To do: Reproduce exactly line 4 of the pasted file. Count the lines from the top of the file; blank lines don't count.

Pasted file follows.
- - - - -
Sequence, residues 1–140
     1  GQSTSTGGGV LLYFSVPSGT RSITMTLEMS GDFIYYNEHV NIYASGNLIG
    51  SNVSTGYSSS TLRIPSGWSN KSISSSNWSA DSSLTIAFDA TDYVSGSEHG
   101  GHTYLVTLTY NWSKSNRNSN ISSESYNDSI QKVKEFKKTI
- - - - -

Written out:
   101  GHTYLVTLTY NWSKSNRNSN ISSESYNDSI QKVKEFKKTI